Council buy saves Pride Oval for Rugby League


Brad Ryan on Monday, October 18, 2010 © The Cairns Post

PRIDE Oval is set to be sold to Cairns Regional Council to guarantee its future as a sporting field and free the Northern Pride from an oppressive debt.

During a closed-session meeting last week, Cairns councillors gave “in-principle” approval to the purchase, authorising council officers to negotiate a price with the Pride.

The ground is also the home of CDRL club Kangaroos, which has several hundred junior and senior players.

Pride CEO John Moore said the Pride bought the ground in 2008, when it was on the market, to prevent developers buying it and robbing the area of the much-needed sports facility.

“It’s costing us, and it has done for about two years now, about $19,000 a month and that’s a terrible drag,” Mr Moore said.

“Most football clubs are supported by a gaming club, but we are a football club supporting a gaming club and it’s a drain on the finances of the Northern Pride and, frankly, we can’t keep meeting it.

“This is an enormous relief because at any time the bank have the right to come in and say ‘we want our money’, and we couldn’t give it to them.

“It would have been a major disappointment had it been sold off and filled up with units.”

un free: Kangaroos juniors Sam Ballani, Sione Koka and Luke Milgate enjoy their run at the weekend knowing the club won't be turfed out of their home ground. Picture: JAKE NOWAKOWSKI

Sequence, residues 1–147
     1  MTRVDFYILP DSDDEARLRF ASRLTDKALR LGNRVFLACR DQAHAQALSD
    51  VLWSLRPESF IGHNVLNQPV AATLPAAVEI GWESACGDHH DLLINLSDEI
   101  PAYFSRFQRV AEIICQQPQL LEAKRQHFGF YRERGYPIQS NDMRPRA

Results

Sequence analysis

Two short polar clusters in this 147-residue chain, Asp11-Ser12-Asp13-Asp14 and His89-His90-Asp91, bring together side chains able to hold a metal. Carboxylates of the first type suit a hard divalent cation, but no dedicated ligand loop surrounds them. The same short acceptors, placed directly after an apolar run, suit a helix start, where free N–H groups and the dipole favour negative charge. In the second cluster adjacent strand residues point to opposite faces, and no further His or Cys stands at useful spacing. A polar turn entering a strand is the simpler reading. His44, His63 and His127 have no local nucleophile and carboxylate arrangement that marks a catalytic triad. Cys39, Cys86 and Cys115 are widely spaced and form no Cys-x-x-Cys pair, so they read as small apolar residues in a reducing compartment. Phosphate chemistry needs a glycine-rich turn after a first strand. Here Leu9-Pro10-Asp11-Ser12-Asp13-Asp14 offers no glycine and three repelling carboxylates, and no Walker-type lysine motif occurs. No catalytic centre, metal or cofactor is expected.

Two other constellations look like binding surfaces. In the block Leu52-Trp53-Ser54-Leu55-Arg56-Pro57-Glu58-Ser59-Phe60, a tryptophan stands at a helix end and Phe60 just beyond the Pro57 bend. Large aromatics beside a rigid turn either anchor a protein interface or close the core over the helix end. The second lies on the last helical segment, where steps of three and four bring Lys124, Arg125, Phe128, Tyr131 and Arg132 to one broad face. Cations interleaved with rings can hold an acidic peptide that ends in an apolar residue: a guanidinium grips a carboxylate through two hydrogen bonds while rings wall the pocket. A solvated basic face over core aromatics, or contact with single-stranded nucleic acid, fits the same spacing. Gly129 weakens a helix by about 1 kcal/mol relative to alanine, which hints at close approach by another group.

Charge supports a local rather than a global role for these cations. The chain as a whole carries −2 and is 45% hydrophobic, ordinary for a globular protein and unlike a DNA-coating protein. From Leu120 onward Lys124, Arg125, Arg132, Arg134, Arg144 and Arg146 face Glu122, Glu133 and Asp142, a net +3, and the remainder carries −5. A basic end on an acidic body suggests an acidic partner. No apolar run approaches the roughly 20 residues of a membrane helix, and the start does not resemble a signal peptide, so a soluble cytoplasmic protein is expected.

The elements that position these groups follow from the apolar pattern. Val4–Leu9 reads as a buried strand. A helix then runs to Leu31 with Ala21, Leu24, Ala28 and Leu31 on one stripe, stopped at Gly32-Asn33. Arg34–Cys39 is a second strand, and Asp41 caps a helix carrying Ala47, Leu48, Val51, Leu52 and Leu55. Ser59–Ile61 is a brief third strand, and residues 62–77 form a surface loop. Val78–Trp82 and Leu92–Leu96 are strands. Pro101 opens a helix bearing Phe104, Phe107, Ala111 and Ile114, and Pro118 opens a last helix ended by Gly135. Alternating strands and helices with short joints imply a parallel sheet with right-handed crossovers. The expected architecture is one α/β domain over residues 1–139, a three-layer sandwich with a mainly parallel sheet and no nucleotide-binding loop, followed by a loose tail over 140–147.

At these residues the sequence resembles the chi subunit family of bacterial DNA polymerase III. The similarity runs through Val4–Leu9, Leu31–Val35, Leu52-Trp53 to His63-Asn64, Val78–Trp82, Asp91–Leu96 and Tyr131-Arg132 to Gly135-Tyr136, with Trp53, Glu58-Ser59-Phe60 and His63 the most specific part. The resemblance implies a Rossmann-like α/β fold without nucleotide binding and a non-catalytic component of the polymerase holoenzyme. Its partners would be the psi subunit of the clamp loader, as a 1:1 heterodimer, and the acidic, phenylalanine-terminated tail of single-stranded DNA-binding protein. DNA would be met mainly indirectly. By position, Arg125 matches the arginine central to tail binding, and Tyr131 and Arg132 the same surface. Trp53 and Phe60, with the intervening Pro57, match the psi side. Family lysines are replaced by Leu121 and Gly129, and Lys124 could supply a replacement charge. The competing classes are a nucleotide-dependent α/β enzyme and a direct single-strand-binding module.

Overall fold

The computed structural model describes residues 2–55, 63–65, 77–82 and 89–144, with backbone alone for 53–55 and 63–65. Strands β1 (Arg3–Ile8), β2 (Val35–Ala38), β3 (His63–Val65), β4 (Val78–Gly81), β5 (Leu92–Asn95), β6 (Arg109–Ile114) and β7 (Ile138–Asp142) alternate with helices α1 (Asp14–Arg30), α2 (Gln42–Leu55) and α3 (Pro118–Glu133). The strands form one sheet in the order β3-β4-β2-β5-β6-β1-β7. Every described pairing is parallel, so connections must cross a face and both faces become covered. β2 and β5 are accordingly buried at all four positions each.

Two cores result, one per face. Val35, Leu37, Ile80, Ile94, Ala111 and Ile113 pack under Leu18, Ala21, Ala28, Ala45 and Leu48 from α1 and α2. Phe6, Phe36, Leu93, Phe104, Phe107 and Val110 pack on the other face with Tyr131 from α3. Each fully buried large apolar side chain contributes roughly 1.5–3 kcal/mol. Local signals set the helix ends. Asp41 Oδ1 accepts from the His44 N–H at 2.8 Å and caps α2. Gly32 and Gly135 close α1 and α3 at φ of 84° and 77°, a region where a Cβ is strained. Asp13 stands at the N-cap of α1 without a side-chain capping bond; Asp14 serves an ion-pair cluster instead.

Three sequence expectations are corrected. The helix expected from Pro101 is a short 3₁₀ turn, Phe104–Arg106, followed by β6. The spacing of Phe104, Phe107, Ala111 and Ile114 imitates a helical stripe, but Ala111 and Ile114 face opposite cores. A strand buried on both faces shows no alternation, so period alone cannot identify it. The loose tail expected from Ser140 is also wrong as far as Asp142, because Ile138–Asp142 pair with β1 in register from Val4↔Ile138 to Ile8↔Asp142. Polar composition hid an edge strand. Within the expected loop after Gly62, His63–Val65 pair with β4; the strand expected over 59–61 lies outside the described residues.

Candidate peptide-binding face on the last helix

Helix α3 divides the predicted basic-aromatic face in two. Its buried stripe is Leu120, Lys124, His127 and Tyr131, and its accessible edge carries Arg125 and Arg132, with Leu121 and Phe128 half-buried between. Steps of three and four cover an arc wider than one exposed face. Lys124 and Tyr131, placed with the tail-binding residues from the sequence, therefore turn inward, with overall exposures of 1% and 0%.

Run free: Kangaroos juniors Sam Ballani, Sione Koka and Luke Milgate enjoy their run at the weekend knowing the club won’t be turfed out of their home ground. Picture: JAKE NOWAKOWSKI

A property title search shows the ground was sold for $1,850,000 in 2008, but Deputy Mayor and sports committee chair Margaret Cochrane said it was not known how much the council would pay.

“I haven’t heard any figures,” she said.

“But I think it’s important to council to get in there and make sure we can secure it as a much-needed sporting facility, and also to secure Pride’s future, and keep it for the Kangaroos and their hundreds of junior players,” Cr Cochrane said.

The council could also negotiate to purchase a portion of the site owned by the ATSI Youth Welfare Corporation, or extend an arrangement between it and the rugby clubs.

Mr Moore said the economic downturn had sunk the club’s original intentions to expand the clubhouse and develop a profitable sporting precinct.

“The global financial crisis struck and those plans went out the window,” Mr Moore said.

In June, the council approved an application from the Pride to rezone the ground to allow for residential development, a move to boost its value to free the club’s backers from loan guarantees. Lenders had previously been unwilling to cover the full loan amount without more than $800,000 in guarantees.

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